Get familiar with key DORA requirements

The DORA regulation consists of five key pillars that outline requirements for financial entities to withstand, respond to, and recover from ICT-related threats. Here, we explain what each of these pillars entails.

Below, we are sharing a brief recap of these and other essential points of DORA:

  • ICT Risk Management: Entities must establish comprehensive frameworks to manage ICT risks, ensuring business continuity and disaster recovery.
  • Third-Party Risk Management: Including monitoring of third-party service providers, management of risks associated with third-party ICT service providers and ensuring these providers also comply with DORA requirements.
  • Oversight of third-party providers: Oversight conducted by ESAs.
  • Digital Operational Resilience Testing: Conducting regular tests of their infrastructure and procedures, including threat-led penetration testing.
  • Incident Reporting: Reporting major ICT-related incidents to the relevant authorities within specific timeframes.
  • Information Sharing: Collaboration and information sharing on cyber threats and vulnerabilities among entities and authorities.

While most of the DORA elements are well known to the financial institutions, it is worth noting that the Act includes a dedicated structured reporting obligation on the Register of Information on contractual arrangements with ICT third-party service providers.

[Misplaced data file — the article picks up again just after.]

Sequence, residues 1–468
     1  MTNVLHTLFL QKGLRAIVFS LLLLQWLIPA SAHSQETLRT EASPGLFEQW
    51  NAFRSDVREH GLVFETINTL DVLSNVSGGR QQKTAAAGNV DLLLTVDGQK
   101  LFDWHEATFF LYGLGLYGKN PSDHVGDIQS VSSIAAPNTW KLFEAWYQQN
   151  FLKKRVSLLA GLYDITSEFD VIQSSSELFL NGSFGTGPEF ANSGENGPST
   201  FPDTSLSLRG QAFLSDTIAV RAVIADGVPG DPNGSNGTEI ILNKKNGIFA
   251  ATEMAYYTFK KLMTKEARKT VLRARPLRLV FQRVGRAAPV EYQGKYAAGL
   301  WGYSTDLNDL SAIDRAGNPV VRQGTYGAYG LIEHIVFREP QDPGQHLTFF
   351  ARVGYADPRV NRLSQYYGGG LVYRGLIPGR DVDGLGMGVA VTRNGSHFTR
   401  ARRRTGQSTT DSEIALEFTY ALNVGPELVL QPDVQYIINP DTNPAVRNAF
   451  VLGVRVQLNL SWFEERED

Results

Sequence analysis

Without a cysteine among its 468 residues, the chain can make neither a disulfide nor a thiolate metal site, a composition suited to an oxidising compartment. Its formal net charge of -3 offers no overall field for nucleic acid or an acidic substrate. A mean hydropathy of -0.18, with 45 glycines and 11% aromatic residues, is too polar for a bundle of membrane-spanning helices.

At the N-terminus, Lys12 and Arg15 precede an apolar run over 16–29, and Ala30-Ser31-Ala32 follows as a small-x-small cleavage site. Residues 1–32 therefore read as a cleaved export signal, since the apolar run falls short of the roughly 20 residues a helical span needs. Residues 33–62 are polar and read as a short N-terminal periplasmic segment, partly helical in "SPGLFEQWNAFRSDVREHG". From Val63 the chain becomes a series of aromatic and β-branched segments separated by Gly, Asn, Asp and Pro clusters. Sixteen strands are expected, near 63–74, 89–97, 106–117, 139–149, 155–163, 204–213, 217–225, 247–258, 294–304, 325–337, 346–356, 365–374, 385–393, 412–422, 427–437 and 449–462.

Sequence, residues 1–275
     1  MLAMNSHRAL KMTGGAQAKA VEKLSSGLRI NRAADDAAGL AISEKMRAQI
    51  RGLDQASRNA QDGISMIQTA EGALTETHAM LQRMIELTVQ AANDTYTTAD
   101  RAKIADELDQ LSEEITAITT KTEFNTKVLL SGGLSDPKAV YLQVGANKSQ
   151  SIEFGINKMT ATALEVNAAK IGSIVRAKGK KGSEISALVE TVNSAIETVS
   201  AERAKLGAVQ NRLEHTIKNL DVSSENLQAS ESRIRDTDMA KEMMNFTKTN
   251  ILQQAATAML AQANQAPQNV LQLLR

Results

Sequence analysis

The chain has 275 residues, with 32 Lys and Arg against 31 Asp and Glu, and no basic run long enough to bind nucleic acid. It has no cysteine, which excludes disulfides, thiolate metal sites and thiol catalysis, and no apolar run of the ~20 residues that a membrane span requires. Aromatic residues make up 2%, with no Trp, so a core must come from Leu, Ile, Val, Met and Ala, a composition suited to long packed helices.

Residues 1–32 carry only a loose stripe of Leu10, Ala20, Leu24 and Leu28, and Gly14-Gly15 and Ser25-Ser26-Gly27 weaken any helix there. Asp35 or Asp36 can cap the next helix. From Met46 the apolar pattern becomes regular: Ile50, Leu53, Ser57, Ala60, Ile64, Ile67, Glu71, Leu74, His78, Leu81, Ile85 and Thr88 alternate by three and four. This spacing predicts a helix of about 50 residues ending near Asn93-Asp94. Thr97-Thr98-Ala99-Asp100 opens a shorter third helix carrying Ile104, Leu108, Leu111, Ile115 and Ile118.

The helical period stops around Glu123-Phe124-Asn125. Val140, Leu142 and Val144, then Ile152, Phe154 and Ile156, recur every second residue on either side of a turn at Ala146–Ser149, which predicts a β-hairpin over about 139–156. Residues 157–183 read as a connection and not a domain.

Connect with our dedicated experts to learn more about this reporting and other obligations under the DORA Act.

Everything begins with the data: Issues that might hinder your DORA compliance

With a dry run exercise with selected entities started by EBA in May 2024 – the rest of the EU financial sector should follow suit to avoid rushing through last-minute compliance efforts.

Everything starts with the data, and it fairly should be one of the top priorities for management, as it underpins every aspect of operations and affects compliance significantly.

For example, financial organizations often face challenges due to data being dispersed across numerous locations. This widespread data sprawl, largely due to the adoption of multi-cloud strategies complicates the task of locating specific information for sharing and introduces significant security risks. The Flexera’s 2024 State of the Cloud Report indicates that 90% of organizations utilize the multi-cloud approach.

These risks are heightened when multiple copies of sensitive documents exist in various locations, increasing the likelihood of unauthorized access and wasting storage space.